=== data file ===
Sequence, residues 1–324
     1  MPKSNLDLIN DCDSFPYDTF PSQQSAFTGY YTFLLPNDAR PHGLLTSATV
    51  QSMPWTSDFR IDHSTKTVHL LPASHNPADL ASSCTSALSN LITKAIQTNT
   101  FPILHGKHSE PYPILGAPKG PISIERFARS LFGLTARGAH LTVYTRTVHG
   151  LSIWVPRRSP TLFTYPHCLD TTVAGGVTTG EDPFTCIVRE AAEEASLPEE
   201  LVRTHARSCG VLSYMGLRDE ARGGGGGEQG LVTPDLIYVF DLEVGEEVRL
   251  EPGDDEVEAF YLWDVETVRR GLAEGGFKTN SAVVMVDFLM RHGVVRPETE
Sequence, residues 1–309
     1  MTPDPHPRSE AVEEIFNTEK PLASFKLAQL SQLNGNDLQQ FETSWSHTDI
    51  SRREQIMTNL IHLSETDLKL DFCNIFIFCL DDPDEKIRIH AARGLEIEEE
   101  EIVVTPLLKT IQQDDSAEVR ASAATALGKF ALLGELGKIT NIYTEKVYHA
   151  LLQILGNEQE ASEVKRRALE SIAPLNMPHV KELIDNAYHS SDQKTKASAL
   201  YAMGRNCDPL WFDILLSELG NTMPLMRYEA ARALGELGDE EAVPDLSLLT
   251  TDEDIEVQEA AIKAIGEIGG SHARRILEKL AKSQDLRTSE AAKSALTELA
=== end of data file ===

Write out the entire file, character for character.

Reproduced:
Sequence, residues 1–324
     1  MPKSNLDLIN DCDSFPYDTF PSQQSAFTGY YTFLLPNDAR PHGLLTSATV
    51  QSMPWTSDFR IDHSTKTVHL LPASHNPADL ASSCTSALSN LITKAIQTNT
   101  FPILHGKHSE PYPILGAPKG PISIERFARS LFGLTARGAH LTVYTRTVHG
   151  LSIWVPRRSP TLFTYPHCLD TTVAGGVTTG EDPFTCIVRE AAEEASLPEE
   201  LVRTHARSCG VLSYMGLRDE ARGGGGGEQG LVTPDLIYVF DLEVGEEVRL
   251  EPGDDEVEAF YLWDVETVRR GLAEGGFKTN SAVVMVDFLM RHGVVRPETE
Sequence, residues 1–309
     1  MTPDPHPRSE AVEEIFNTEK PLASFKLAQL SQLNGNDLQQ FETSWSHTDI
    51  SRREQIMTNL IHLSETDLKL DFCNIFIFCL DDPDEKIRIH AARGLEIEEE
   101  EIVVTPLLKT IQQDDSAEVR ASAATALGKF ALLGELGKIT NIYTEKVYHA
   151  LLQILGNEQE ASEVKRRALE SIAPLNMPHV KELIDNAYHS SDQKTKASAL
   201  YAMGRNCDPL WFDILLSELG NTMPLMRYEA ARALGELGDE EAVPDLSLLT
   251  TDEDIEVQEA AIKAIGEIGG SHARRILEKL AKSQDLRTSE AAKSALTELA